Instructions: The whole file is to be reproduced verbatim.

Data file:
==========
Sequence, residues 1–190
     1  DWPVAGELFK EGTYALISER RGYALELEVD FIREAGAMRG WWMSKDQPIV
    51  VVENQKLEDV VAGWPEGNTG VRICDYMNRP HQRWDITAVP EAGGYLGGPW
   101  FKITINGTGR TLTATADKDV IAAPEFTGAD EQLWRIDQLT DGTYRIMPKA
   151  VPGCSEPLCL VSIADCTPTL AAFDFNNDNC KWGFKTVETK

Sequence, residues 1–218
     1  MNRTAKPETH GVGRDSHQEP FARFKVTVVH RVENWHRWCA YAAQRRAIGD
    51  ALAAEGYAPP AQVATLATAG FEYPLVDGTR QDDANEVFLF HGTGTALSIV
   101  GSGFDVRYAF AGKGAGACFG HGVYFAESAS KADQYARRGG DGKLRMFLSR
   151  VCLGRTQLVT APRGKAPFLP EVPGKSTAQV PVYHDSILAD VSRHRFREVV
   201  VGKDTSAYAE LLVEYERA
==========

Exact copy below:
Sequence, residues 1–190
     1  DWPVAGELFK EGTYALISER RGYALELEVD FIREAGAMRG WWMSKDQPIV
    51  VVENQKLEDV VAGWPEGNTG VRICDYMNRP HQRWDITAVP EAGGYLGGPW
   101  FKITINGTGR TLTATADKDV IAAPEFTGAD EQLWRIDQLT DGTYRIMPKA
   151  VPGCSEPLCL VSIADCTPTL AAFDFNNDNC KWGFKTVETK

Sequence, residues 1–218
     1  MNRTAKPETH GVGRDSHQEP FARFKVTVVH RVENWHRWCA YAAQRRAIGD
    51  ALAAEGYAPP AQVATLATAG FEYPLVDGTR QDDANEVFLF HGTGTALSIV
   101  GSGFDVRYAF AGKGAGACFG HGVYFAESAS KADQYARRGG DGKLRMFLSR
   151  VCLGRTQLVT APRGKAPFLP EVPGKSTAQV PVYHDSILAD VSRHRFREVV
   201  VGKDTSAYAE LLVEYERA